Armstrong’s divorce drama had been playing out on the Bravo reality series, one of a string of shows that feature the daily lives of so-called housewives from New York, Atlanta, Orange County and Washington, D.C.
It’s unknown, at the moment, whether, or how much, the harsh glare of publicity from the show factored into Armstrong’s death.
But there is no question that the public airing of the family’s dirty laundry on television must have upped the pressure of the marital split.
Russell complained about the stress the television show was causing. “This show has literally pushed us to the limit,” he said in an interview earlier this year.
Taylor Armstrong recently went public with serious allegations of marital abuse. Whether they where hyped for publicity is unknown.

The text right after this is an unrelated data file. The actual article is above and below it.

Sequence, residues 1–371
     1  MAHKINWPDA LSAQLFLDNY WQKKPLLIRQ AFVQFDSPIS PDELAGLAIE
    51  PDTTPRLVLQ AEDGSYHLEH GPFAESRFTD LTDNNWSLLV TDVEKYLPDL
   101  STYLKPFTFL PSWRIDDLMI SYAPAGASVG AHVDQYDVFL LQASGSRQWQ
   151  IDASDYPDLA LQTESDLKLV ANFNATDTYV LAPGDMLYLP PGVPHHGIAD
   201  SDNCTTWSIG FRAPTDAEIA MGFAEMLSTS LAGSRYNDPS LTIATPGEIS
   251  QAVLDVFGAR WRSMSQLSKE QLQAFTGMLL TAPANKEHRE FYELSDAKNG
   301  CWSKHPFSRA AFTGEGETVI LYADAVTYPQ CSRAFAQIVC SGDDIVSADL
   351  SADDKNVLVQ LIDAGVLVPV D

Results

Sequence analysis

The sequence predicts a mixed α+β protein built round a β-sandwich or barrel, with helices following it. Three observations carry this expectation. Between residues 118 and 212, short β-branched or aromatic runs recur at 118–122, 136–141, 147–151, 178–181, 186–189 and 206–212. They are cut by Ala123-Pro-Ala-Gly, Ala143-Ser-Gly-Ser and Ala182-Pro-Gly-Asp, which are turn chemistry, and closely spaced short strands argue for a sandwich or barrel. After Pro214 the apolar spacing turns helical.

Sources told gossip site TMZ that Armstrong, 47, hanged himself in his bedroom in his up-scale Mulholland Drive home.
He was pronounced dead at 8:16 PM Monday. Sources say a roommate found Russell and called 911, the Web site reported.
Authorities apparently have yet to find a suicide note.
Taylor filed for divorce last month to end their six-year marriage, after she claimed Russell physically abused her.
“I’m mad at myself for tolerating things I should not have tolerated from the first moment,” she told People. “Allowing this to happen in my own relationship was something I felt very ashamed of.”
Russell admitted getting physical with his wife at times.
“Did I push her? Yes, maybe things happened in the heat of the moment, but it was during a time in our lives that were not characteristic of who we were.”
The reality show didn’t shy away from broadcasting details of the break up.
Russell was criticized for being too busy with work to spend time with Taylor, who often cried about her loneliness to the other cast members.
In May, they got couples’ counseling, and denied they were splitting.
He leaves behind his daughter Kennedy, 5.
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